When water infrastructure is underfunded, a simple activity like drinking a glass of tap water could be unsafe. There are over 53,000 community drinking water systems and 21,400 not-for-profit non-community water systems in the U.S. Surprisingly, there are several areas of the nation that are still utilizing water infrastructure systems that pre-date the Civil War. In 2013 the American Society of Civil Engineers gave the nation’s drinking water and wastewater systems a D. According to the U.S Environmental Protection Agency’s 2013 Drinking Water Infrastructure Needs Survey and Assessment it is estimated that drinking water utilities will need to invest $384 billion through 2030 to continue to provide safe and sufficient water to the American public. That is a serious level of funding needed but if we are to maintain a first-class society, where people can safely drink from our water systems, we must make these investments.
There are over 30,000 wastewater treatment and collection facilities. Capital investment needs for the nation’s wastewater and storm water systems are estimated to total $298 billion over the next twenty years. Most Americans may never see such a facility since most of this infrastructure is hidden, underground, and out of sight. For every $1.00 invested in public water and sewer infrastructure services, approximately $8.97 is added to the national economy (U.S. Conference of Mayors, 2008).
Investing in our water and wastewater infrastructure is one of the best bets we can make as a nation. A national report released in 2014 – The Economic and Labor Impact of the Water Sector – finds that 30 large water and wastewater agencies alone plan to invest $233 billion into the economy in the next decade. This will result in $524 billion in economic output over the next ten years and support 289,000 jobs annually.
However, if these systems fail, and our drinking and ground water becomes contaminated, we will find ourselves dealing with a crisis of such significance that the costs could be far more than we are able to afford in terms of dollars, quality of life, and future cleanliness of our water supply. We must not let these systems fall into a state of disrepair.
There are 12,000 miles of commercially navigable waterways and over 87,000 dams located throughout the United States. Over 4,000 dams are "unsafe" and have deficiencies that are estimated to cost $21 billion to repair. The average age of dams is more than 51 years old and as dams age, deterioration increases and construction costs rise (Association of State Dam Safety Officials).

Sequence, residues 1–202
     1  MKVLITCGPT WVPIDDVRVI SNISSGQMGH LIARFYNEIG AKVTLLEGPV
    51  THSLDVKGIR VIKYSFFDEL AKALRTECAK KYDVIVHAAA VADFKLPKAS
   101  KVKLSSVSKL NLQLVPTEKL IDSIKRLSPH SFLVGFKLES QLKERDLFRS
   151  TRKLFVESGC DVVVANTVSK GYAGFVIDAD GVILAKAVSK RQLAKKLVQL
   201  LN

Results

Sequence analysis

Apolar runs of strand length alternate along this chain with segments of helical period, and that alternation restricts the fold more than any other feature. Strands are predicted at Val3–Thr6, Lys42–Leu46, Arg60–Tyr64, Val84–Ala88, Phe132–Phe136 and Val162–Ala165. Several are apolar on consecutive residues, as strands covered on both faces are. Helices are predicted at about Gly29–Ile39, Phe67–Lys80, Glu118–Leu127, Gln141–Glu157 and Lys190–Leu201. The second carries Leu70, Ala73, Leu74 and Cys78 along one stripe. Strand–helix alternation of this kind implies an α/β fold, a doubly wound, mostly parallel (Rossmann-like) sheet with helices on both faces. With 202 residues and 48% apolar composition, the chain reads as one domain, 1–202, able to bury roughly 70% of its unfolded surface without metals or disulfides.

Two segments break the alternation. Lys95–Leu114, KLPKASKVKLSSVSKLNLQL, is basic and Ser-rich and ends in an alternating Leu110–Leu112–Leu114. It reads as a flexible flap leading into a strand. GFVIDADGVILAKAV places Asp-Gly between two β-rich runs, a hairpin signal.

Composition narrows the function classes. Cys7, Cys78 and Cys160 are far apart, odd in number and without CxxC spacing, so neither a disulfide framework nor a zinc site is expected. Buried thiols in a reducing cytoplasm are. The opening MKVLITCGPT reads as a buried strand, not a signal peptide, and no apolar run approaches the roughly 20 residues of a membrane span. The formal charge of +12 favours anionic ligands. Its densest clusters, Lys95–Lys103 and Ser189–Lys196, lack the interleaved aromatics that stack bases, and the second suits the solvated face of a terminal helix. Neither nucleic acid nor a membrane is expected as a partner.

More than 566 million tons of freight valued at $152 billion move through the inland waterways system annually (American Society of Civil Engineers 2013). These are critical infrastructure systems that, if not repaired and maintained, will cause catastrophic consequences by flooding towns, cities, and farmland in virtually every region of the United States. Hurricanes Katrina and Rita showed the world what happens when our levees are not built to handle the appropriate levels of water. Had we invested more just a few years before, we may have prevented the billions in costs following that disaster from having to have been spent and saved thousands of lives. As Benjamin Franklin was quoted as saying: “An ounce of prevention is worth a pound of cure.”
- Press Release Former Pennsylvania Governor Edward Rendell Calls for Port, Waterway Strategy in Speech to American Association of Port Authorities Read More
- Press Release BAF Educational Fund Releases Infrastructure Report: Falling Apart and Falling Behind Read More
- Published Report An Economic Analysis of Infrastructure Investment Read More
According to a University of California, Berkeley study power outages account for roughly $80 billion annually in total losses to communities across the U.S. Based on that calculation, the Electric Power Board (EPB) of Chattanooga estimates that community losses in its service area are roughly $105 million annually. However, due to its SmartGrid Chattanooga has achieved outage reductions of 60%, saving the community $50 million or more each year in lost productivity, lost product, and lost sales.